The Phoenix (iv)

His death was his own fault and not by my skill. I still don’t know to this day whether his mistake was intentional or not. He flew with mastery and fought with honour, disabling many of our planes without killing the pilots. His attacks were as tender and final as a lover carrying a virgin over the threshold. Yes, I too had the same dreadful, feeble, and woman-like feeling that the Baron’s aura produced. My dread became reality and I ended up in a dogfight with the man himself. Some ancestral warrior spirit possessed me, took the controls from my shaking hands and I flew with a courage have never been able to reproduce. But even this miracle was not enough; he ripped my left wing to pieces, I felt the bullets dart past my face, and the plane began to spiral.

I should have bailed but somehow I managed to get the plane to slow and I brought it back level. The next few moments are like a strange dream. I observed my surroundings and saw the Red Baron was flying low, not manoeuvring or dodging or attacking, simply flying straight toward the westward sun. All the other pilots must have felt that they too were in dreaming – no one attacked him, save for myself. My engine sputtered and I had to lean the aircraft at a strange angle, to tack back and forth, in order to fly straight. Slowly but surely, I crept up behind him while he simply observed the rays gleaming through the scattered clouds. Locked in my sights I fired off a burst. And just like that, his plane dropped without another sound. It glided for a few seconds and then skidded to a halt into a muddy ditch by a marsh. My plane went down soon afterwards. It was strange being on the ground, I felt like an unwanted stranger on the ground. The dead trees seemed to evily at me and the ground under my feet felt hollow. Smoke rose in the air from Richthofen’s wreck and after assessing my own plane, I crossed a small brook and stumbled over to it.

There it was. A smoking wreck, small flames licked at it – a dying fire reduced to coals.  I approached and saw that the demi-god I had duelled was just a man. His uniform was dripping in blood as red as his infamous plane. He looked at me and when I got close enough to see his eyes, I saw they contained no anger or sadness just the glassy stare of a man who has died long before his heart has stopped beating.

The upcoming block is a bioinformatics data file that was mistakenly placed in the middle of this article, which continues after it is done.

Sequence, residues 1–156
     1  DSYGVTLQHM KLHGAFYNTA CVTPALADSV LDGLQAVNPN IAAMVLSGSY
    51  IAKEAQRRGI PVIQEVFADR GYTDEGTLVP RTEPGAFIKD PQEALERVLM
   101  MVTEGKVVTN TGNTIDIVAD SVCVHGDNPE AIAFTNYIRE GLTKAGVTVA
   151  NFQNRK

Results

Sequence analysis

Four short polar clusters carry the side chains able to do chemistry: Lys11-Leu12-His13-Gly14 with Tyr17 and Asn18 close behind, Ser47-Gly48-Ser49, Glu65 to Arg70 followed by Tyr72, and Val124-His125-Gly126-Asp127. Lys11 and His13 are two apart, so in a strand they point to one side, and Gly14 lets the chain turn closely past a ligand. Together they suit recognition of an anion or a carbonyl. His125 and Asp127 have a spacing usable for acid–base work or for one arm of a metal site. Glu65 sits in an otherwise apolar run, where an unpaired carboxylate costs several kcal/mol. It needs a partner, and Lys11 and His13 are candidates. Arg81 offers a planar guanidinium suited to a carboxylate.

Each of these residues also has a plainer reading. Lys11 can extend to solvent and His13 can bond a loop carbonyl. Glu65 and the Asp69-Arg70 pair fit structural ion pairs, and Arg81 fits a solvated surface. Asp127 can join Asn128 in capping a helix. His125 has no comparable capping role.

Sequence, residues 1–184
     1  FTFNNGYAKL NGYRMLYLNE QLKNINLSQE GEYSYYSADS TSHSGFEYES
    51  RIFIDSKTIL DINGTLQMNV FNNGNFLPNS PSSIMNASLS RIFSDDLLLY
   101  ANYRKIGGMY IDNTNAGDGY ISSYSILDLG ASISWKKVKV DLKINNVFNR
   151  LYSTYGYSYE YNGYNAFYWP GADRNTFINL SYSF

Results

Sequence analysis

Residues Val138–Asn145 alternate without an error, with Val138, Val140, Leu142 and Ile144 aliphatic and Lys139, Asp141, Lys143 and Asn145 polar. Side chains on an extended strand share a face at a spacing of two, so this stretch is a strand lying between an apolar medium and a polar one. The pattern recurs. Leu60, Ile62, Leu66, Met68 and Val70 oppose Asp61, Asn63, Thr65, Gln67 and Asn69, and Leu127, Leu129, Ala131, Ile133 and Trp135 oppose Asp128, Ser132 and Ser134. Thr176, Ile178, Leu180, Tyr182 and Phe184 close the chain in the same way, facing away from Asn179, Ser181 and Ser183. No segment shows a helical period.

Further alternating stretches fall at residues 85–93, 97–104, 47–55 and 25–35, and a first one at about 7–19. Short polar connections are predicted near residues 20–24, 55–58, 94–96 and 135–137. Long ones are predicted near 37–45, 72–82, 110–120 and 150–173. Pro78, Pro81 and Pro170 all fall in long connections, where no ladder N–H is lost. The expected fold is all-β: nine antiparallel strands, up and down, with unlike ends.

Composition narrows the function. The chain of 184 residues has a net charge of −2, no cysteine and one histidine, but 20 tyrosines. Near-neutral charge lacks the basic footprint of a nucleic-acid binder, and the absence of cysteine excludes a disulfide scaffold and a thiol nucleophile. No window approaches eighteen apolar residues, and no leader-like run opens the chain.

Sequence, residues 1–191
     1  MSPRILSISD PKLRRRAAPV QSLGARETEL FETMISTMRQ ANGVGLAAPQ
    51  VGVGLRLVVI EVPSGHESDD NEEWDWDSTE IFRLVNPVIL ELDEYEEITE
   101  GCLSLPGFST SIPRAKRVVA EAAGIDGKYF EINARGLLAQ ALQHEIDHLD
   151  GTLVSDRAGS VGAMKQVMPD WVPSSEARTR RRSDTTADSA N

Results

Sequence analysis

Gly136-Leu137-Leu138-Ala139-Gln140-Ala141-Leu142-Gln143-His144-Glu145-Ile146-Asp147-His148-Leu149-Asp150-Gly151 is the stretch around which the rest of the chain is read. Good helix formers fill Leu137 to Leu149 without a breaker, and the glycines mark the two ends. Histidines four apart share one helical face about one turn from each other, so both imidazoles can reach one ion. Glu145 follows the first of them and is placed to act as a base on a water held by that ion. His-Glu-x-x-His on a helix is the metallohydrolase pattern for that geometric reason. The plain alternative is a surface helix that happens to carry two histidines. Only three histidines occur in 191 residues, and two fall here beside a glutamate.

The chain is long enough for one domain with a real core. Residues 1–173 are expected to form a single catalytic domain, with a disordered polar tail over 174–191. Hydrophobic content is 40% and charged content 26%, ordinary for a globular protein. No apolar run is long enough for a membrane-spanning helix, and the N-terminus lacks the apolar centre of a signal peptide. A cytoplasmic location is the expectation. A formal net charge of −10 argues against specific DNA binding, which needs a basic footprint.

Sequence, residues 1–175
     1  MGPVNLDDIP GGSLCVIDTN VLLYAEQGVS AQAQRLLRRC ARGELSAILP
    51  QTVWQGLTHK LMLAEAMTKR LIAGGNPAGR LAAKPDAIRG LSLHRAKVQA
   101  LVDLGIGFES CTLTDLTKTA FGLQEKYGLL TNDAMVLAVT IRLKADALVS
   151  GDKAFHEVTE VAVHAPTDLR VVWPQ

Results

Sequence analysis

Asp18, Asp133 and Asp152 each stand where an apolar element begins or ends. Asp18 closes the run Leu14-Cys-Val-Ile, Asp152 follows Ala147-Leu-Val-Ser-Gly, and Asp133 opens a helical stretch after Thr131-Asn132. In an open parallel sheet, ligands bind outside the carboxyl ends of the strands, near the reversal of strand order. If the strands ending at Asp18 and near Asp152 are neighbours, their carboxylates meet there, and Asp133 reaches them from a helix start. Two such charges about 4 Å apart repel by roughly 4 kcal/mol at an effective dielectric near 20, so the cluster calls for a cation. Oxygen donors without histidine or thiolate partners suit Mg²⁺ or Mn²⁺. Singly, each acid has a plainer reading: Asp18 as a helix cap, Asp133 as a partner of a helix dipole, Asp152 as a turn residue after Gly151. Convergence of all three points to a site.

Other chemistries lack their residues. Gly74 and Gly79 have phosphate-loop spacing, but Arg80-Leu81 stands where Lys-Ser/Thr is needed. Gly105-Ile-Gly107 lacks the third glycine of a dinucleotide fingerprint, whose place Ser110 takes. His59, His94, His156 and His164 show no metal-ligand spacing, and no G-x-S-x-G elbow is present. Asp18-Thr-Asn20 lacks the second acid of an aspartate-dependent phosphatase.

Richthofen said only one word, “Kaputt.”

He closed his eyes and died. All was silent except for the small brook that continued to sing its common and song. The gravity of the situation hit me, though it wasn’t till I properly researched the man that I really understood the enormous meaning behind his last word. The fighting above ended with the German’s morale broken by their hero’s death and soon after soldiers arrived at the crash site. They cheered, put me on their shoulders, and sang songs. I smiled on the outside but I knew internally something was broken within me.

After the war, I looked into his history and his personal statements. He was a man sick of war and wrote it: “I am in wretched spirits after every aerial combat. I believe that the war is not as the people at home imagine it, with a hurrah and a roar; it is very serious, very grim.”

At a time when 15-20 aircraft kills were considered exceptional, he shot down 105 planes, far more than any other pilot in the war. And here I am, a man who anticipated a great joy in killing the greatest there was, then has realised too late that there is no joy in the destruction of beauty. I have ripped apart a rose, slashed the canvas of a masterpiece. Richthofen’s last word was spoken in relief, the Baron’s burden is placed on me now, and it is lonely at the top, the price of greatness is solitude. The only man I could possibly relate this to is dead by my own hand.

I know the secret behind his skill as a pilot and I also know of why he simply flew towards the sun. These two mysteries tortured me until I realised they were intrinsically related. Richthofen fought with nothing to lose, took risks that others would never even conceive – each victory cost him a piece of himself until finally there was nothing left to lose and so he flew to the sun. His last unconscious desire was simply to rest and feel the simple satisfaction of warming his face in the sunlight. I think for long periods of time about these events, hiding from my fame by my house on the shore of Lake Ontario. I hide and wait for another war to start. Then I can fight in the skies again to join the Baron and the line of ancient warriors behind him. I am an ageing phoenix who is feeling the call of the ashes, as the Baron did. Like him, I will pass my flame to another young hopeful and fade into the blue yonder.

I watch the sunset reflecting off the marshes surrounding Lake Ontario, where I shot down my first bird, and smile as I imagine gliding on a summer breeze towards that great golden egg. To close my eyes. To rest. To be finished.

<- Part 4 of 4


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